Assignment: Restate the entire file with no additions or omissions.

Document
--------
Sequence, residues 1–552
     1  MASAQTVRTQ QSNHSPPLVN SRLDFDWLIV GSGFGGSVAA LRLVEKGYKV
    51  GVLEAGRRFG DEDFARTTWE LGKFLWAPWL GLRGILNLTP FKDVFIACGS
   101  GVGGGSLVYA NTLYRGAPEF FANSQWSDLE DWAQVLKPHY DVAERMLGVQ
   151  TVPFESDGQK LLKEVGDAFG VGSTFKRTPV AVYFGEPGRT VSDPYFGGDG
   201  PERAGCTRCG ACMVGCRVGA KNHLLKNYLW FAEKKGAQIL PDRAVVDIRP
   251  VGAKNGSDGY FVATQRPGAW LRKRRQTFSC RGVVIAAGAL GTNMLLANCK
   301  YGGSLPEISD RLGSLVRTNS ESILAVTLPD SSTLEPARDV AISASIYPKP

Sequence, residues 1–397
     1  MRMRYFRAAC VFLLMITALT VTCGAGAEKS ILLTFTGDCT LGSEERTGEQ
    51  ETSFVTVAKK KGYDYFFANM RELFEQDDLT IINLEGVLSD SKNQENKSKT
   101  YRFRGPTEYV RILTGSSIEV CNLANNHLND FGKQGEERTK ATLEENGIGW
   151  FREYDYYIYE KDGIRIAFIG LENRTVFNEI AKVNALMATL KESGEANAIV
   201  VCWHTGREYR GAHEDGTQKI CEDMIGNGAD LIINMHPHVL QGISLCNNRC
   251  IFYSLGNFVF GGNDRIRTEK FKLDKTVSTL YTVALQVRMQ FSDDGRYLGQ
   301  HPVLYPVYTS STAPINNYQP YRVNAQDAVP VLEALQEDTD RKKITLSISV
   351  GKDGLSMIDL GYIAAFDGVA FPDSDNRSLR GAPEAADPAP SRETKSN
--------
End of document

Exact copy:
Sequence, residues 1–552
     1  MASAQTVRTQ QSNHSPPLVN SRLDFDWLIV GSGFGGSVAA LRLVEKGYKV
    51  GVLEAGRRFG DEDFARTTWE LGKFLWAPWL GLRGILNLTP FKDVFIACGS
   101  GVGGGSLVYA NTLYRGAPEF FANSQWSDLE DWAQVLKPHY DVAERMLGVQ
   151  TVPFESDGQK LLKEVGDAFG VGSTFKRTPV AVYFGEPGRT VSDPYFGGDG
   201  PERAGCTRCG ACMVGCRVGA KNHLLKNYLW FAEKKGAQIL PDRAVVDIRP
   251  VGAKNGSDGY FVATQRPGAW LRKRRQTFSC RGVVIAAGAL GTNMLLANCK
   301  YGGSLPEISD RLGSLVRTNS ESILAVTLPD SSTLEPARDV AISASIYPKP

Sequence, residues 1–397
     1  MRMRYFRAAC VFLLMITALT VTCGAGAEKS ILLTFTGDCT LGSEERTGEQ
    51  ETSFVTVAKK KGYDYFFANM RELFEQDDLT IINLEGVLSD SKNQENKSKT
   101  YRFRGPTEYV RILTGSSIEV CNLANNHLND FGKQGEERTK ATLEENGIGW
   151  FREYDYYIYE KDGIRIAFIG LENRTVFNEI AKVNALMATL KESGEANAIV
   201  VCWHTGREYR GAHEDGTQKI CEDMIGNGAD LIINMHPHVL QGISLCNNRC
   251  IFYSLGNFVF GGNDRIRTEK FKLDKTVSTL YTVALQVRMQ FSDDGRYLGQ
   301  HPVLYPVYTS STAPINNYQP YRVNAQDAVP VLEALQEDTD RKKITLSISV
   351  GKDGLSMIDL GYIAAFDGVA FPDSDNRSLR GAPEAADPAP SRETKSN